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New Year’s Resolution: Teach Your Teen About Finance

Kimberly Rotter


Your child’s financial education should begin at an early age. If your teen doesn’t yet understand credit card interest, bank fees and the need for retirement income, now is the time to learn. The two main problems with waiting until your child is older and working full time are that (a) habits are much easier to develop earlier in life, and (b) your child will very likely make poor choices with actual money if she doesn’t have a plan for the funds before they’re in hand. This can’t be helped — financial intelligence doesn’t come by magic.

Junior Achievement’s 2013 teens and personal finance survey is not encouraging, and it is easy to understand why. National economic sluggishness mixed with inexperience and plain incomprehension can produce only one result: insecurity.

Junior Achievement (JA) is a nonprofit organization that teaches financial literacy, among other things, to young people. JA asks how teens how they view the basic economics of individual spending, saving and budgeting, and how well the teens think they’re doing. For the year now ending, it seems that teens are more upbeat and hopeful now than in past years about their financial future, albeit with some significant reservations.

Significantly, more of them predict that they will remain dependent on their parents for longer periods of time.

Teens lack confidence about money

While the percentage of teens who are confident of being financially independent by the time they hit the 25 to 27 age range has doubled since about 2011 (12 percent versus 25 percent), their slightly younger cohort is much less optimistic. The 18- to 24-year-old group’s hopefulness fell 16 points in 2011, from 75 percent to 59 percent today. Moreover, the percentage of teens who either don’t know or are unsure if they will be better off than their parents rocketed from a modest 4 percent to 28 percent. Uncertainty and doubt concerning the future is widespread and growing.

What don’t teens know?

A major contributor to teen insecurity about entering the adult world, independent of their parents, is simply an inability to budget for room and board, clothing, transportation and utilities as well as understand the workings of a credit card. And that’s in addition to complicating factors like savings and investments, health insurance, auto insurance, maintenance and repairs. JA found that:

  • 23 percent of teens are “somewhat” or “extremely” unsure about their ability to budget successfully

  • 20 percent of our under-20s are “somewhat” or “extremely” unsure about their ability to use credit cards

  • 34 percent of teens are “somewhat” or “extremely” unsure about their ability to invest money. Aggravating the struggle parents face in helping their children to become financially self-sufficient is a lack of comprehension among teens about the importance of planning to pay for college.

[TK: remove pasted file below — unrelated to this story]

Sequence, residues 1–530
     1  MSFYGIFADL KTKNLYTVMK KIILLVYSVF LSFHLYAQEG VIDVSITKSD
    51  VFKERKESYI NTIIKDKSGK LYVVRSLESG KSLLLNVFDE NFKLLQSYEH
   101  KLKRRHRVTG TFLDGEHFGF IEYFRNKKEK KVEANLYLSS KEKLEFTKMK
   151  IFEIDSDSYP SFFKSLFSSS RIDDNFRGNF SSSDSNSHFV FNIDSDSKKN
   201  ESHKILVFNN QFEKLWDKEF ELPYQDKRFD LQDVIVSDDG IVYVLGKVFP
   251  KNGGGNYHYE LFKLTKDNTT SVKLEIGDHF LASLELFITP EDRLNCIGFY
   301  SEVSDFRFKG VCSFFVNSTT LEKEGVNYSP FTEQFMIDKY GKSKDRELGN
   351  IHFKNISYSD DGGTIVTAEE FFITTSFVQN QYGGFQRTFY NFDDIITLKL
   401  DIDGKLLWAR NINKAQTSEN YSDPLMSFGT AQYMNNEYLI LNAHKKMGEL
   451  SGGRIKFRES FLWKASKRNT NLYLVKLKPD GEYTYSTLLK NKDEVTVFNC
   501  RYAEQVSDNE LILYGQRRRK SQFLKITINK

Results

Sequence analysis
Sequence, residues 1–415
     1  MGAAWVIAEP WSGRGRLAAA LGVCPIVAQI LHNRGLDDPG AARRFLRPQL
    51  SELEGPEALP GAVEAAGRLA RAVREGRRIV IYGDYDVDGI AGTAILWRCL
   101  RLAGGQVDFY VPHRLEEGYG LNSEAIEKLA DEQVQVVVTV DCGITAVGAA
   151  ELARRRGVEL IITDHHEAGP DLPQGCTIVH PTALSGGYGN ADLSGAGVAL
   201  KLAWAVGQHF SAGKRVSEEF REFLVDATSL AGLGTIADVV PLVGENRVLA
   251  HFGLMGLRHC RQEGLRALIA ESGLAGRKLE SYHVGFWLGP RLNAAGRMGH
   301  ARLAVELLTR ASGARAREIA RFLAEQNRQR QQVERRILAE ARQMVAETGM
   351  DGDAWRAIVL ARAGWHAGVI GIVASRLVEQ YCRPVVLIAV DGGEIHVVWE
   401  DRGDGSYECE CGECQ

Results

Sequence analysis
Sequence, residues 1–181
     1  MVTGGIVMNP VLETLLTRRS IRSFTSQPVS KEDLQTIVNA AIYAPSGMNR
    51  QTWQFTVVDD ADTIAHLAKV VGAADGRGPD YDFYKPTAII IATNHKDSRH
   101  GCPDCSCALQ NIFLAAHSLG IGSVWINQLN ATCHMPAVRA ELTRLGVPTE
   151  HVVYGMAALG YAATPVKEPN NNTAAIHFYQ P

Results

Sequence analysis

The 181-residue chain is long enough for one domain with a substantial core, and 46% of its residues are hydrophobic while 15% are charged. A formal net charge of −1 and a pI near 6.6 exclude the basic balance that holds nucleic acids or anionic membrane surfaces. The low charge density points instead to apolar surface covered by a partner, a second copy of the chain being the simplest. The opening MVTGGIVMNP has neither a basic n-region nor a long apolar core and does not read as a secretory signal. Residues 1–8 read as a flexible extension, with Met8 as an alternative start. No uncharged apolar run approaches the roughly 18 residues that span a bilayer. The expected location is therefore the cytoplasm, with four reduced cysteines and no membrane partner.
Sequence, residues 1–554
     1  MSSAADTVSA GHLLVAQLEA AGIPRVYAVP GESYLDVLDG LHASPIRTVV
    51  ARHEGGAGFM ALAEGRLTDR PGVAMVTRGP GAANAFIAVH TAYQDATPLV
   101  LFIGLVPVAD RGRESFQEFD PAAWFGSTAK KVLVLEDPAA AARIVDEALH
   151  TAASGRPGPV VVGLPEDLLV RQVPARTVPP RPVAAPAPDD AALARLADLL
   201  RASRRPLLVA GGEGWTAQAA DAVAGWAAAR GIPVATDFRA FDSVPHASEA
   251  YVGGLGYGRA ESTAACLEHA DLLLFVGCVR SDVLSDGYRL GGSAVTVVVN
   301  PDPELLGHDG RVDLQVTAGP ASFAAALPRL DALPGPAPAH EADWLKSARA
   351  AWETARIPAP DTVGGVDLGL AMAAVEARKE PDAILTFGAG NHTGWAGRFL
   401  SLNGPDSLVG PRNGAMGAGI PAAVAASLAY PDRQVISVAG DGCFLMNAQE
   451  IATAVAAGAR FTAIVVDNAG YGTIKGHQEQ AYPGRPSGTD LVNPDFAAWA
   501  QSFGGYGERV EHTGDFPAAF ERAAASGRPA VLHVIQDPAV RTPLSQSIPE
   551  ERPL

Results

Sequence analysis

• Only 9 percent of teens have saving for college. But they are fully conscious of the pitfalls: a majority (52 percent) believe that college students are too indebted with college loans, and nearly two-thirds (64 percent) have discussed the topic with their parents. Yet nearly half of teens in the survey indicate they either don’t know or are unsure about how much they will need to borrow to pay for tuition, books, room and board.

Such lack of awareness does and will damage students’ future financial health, as the current delinquency rate on student loans has proven. Outstanding student loans have doubled since 2007. As of 2010, an eye-popping 40 percent of households headed by an American under 35 have an outstanding student loan balance. And the numbers are expected to rise.

The solution for your teen

The conclusions are largely self-evident. The findings of Junior Achievement’s 2013 Teens and Personal Finance Survey demonstrate that teens need the resources and knowledge to help them achieve an independent future. The secondary school system and, most of all, parents must teach financial literacy and entrepreneurship through real-world activities and practice.

Key points to cover with your teen include:

  • Save 10 percent now

  • What compounded growth looks like

  • A company 401(k) match is free money

  • That it’s very hard to establish good savings habits later in life

  • That poor credit leads to very expensive financing

  • The actual cost of credit card purchases paid off slowly

  • What a student loan payment looks like in relation to actual take-home pay

  • That starting salary does not correlate to a university’s price tag

  • What inflation does to the buying power of a dollar

  • That good money management is not only for the wealthy. On the contrary, the less you have, the more critical to manage it expertly.

If you don’t consider yourself a money management expert, reach out to your own bank, credit union or brokerage for free workshops and other educational material. Check with the National Foundation for Credit Counseling website for online and in person financial education programs. Click here for “Start Smart” from the FDIC.

Young people must be empowered with the knowledge and the confidence that they can reach out and own their personal economic success. Make it a goal in 2014 to help your child practice good saving, investing and purchasing habits.

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